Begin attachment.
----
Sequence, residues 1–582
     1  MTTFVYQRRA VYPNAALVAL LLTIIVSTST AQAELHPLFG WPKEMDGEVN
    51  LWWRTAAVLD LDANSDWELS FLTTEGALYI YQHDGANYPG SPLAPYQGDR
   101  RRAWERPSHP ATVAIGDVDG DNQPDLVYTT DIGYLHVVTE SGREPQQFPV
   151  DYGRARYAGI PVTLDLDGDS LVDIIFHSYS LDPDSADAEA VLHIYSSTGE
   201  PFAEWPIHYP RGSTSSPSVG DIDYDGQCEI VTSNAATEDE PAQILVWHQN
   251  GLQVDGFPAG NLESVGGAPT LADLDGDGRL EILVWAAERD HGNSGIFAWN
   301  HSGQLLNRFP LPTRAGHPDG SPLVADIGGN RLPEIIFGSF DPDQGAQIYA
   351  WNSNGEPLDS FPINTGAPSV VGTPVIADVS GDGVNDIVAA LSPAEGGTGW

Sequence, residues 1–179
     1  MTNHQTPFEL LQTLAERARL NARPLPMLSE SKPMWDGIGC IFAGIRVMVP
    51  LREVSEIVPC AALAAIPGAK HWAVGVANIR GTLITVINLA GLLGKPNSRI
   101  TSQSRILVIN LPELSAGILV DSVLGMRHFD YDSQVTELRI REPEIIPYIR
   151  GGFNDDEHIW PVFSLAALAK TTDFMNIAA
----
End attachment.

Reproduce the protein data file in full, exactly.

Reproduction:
Sequence, residues 1–582
     1  MTTFVYQRRA VYPNAALVAL LLTIIVSTST AQAELHPLFG WPKEMDGEVN
    51  LWWRTAAVLD LDANSDWELS FLTTEGALYI YQHDGANYPG SPLAPYQGDR
   101  RRAWERPSHP ATVAIGDVDG DNQPDLVYTT DIGYLHVVTE SGREPQQFPV
   151  DYGRARYAGI PVTLDLDGDS LVDIIFHSYS LDPDSADAEA VLHIYSSTGE
   201  PFAEWPIHYP RGSTSSPSVG DIDYDGQCEI VTSNAATEDE PAQILVWHQN
   251  GLQVDGFPAG NLESVGGAPT LADLDGDGRL EILVWAAERD HGNSGIFAWN
   301  HSGQLLNRFP LPTRAGHPDG SPLVADIGGN RLPEIIFGSF DPDQGAQIYA
   351  WNSNGEPLDS FPINTGAPSV VGTPVIADVS GDGVNDIVAA LSPAEGGTGW

Sequence, residues 1–179
     1  MTNHQTPFEL LQTLAERARL NARPLPMLSE SKPMWDGIGC IFAGIRVMVP
    51  LREVSEIVPC AALAAIPGAK HWAVGVANIR GTLITVINLA GLLGKPNSRI
   101  TSQSRILVIN LPELSAGILV DSVLGMRHFD YDSQVTELRI REPEIIPYIR
   151  GGFNDDEHIW PVFSLAALAK TTDFMNIAA